Weekend getaways, staycations, and outdoor activities also did well in Spain and Latin America. Hotels in smaller US cities like Gatlinburg, Tennessee, and Myrtle beach have had a great year, contrary to bigger towns, e.g., Miami and Orlando.  Smaller UK cities such as Liverpool and Bath have also performed decently. In the south and far east, Singapore, the Maldives, and Malaysia have performed well.

European cities with highest hotel occupancy

 Factors That Will Drive Recovery

  • Speed of vaccinations: Vaccine rollout has brought a sigh of relief to travellers and the hospitality industry. Travel surveys indicate that once people feel safe, they will venture out again. The hospitality sector will benefit from this pent-up demand.

  • Coordination between countries on travel procedures: While the vaccine is being distributed, governments are looking into safe border reopening with advanced testing and verification methods. Apps such as Commonpass provide a promising outlook to the airline and hotel industry.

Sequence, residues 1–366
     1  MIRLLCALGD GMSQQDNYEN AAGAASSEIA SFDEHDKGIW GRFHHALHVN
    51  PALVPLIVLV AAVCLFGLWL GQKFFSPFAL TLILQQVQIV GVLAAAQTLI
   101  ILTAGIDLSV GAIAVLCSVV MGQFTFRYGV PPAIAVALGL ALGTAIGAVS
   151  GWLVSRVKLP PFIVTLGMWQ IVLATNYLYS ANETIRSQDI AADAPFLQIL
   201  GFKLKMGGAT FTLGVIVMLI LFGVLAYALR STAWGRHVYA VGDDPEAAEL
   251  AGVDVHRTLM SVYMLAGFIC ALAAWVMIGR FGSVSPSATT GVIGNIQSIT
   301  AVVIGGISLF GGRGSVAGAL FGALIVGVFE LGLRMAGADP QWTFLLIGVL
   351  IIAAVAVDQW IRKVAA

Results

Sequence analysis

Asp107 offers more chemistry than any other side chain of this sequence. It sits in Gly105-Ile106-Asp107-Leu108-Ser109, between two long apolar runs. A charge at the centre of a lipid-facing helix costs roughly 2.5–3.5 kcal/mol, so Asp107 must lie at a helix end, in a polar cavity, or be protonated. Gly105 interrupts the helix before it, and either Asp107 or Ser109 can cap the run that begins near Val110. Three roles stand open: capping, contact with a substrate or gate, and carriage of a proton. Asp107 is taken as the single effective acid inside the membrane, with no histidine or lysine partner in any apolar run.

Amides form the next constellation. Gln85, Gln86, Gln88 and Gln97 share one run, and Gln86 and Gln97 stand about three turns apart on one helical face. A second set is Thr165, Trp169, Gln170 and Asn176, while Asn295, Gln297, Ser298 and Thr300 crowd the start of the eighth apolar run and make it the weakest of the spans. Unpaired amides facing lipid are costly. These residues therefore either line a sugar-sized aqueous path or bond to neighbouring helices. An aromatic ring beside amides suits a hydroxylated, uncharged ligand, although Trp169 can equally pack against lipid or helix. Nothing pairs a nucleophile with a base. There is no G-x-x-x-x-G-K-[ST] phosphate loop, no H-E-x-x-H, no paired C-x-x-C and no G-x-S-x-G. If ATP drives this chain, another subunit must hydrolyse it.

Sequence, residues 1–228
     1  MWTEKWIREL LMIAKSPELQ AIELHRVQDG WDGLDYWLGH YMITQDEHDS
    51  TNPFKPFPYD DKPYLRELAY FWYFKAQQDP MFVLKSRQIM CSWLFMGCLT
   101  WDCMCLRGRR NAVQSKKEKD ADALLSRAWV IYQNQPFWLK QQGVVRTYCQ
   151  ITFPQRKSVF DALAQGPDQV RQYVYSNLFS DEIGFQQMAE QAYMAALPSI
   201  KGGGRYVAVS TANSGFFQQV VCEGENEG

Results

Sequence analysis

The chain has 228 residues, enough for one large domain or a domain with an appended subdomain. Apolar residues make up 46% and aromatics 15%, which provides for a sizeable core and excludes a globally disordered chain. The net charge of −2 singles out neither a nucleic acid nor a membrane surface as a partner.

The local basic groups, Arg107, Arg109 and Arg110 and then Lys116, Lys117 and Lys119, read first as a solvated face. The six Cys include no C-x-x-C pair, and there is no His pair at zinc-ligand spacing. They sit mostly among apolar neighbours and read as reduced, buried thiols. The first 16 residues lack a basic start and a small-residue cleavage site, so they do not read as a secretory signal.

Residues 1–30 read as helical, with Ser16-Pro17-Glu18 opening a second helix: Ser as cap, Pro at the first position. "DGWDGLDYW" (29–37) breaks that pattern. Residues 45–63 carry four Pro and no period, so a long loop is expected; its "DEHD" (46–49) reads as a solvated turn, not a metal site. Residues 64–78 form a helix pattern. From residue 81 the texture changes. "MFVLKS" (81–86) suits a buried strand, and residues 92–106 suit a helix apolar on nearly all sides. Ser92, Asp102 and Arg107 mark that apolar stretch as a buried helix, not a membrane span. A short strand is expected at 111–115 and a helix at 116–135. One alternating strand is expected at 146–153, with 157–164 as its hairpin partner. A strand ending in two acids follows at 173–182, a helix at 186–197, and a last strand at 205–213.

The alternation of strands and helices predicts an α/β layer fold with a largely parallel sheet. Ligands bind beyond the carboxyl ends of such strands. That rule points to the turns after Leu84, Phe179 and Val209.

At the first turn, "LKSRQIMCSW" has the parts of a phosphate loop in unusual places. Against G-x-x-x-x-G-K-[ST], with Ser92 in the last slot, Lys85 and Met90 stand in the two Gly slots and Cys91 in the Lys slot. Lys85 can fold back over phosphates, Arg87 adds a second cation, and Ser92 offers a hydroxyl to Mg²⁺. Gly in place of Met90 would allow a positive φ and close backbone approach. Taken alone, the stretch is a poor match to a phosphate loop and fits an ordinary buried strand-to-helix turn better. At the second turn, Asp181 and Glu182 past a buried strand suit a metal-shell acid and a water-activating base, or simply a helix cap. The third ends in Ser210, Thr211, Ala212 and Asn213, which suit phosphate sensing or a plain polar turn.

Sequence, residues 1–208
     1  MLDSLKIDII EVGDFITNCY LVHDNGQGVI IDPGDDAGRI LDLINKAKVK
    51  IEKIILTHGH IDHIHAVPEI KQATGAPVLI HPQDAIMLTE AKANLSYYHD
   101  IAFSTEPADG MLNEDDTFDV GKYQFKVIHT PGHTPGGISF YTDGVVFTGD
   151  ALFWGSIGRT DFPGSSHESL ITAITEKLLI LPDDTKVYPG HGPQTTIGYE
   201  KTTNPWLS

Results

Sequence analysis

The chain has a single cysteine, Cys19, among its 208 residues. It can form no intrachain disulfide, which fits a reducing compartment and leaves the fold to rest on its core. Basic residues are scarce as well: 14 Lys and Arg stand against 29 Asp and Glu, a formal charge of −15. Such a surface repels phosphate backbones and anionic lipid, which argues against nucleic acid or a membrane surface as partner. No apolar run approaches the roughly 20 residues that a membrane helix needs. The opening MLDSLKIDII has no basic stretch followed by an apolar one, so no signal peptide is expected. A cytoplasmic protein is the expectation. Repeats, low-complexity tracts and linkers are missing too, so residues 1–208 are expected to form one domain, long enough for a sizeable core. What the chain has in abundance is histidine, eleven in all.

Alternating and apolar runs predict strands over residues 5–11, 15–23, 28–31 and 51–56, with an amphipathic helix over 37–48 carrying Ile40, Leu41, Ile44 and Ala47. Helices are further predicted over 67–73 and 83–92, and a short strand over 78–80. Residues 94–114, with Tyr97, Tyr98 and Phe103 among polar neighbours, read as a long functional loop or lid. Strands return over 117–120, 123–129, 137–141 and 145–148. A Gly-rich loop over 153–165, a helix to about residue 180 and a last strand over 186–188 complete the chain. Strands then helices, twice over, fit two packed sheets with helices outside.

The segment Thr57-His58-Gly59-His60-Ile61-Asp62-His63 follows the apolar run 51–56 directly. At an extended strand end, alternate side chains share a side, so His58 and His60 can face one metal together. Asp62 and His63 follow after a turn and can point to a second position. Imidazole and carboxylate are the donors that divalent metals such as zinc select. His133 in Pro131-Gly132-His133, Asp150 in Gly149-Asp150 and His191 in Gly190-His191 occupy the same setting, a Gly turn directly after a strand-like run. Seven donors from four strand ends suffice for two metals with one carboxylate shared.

• Automation, data science, and digital guest services in hotels: Making processes such as check-in, guest relations, and communication of health and safety measures contactless will be another factor to drive recovery and increase traveller numbers.

  • Big events: These are already pre-booked, and it is estimated that they will drive recovery and increase occupancy. On the list for 2021 is the UN conference, the London Marathon, England vs Scotland match, Adrian Flux British Fim, Ramstein and JLS concert, and the Dubai Expo.

  • Domestic tourism: Because of their accessibility and safety, open-air, nature-based, and ‘slow’ activities are becoming the norm in smaller cities.

When Will Travel Rebound?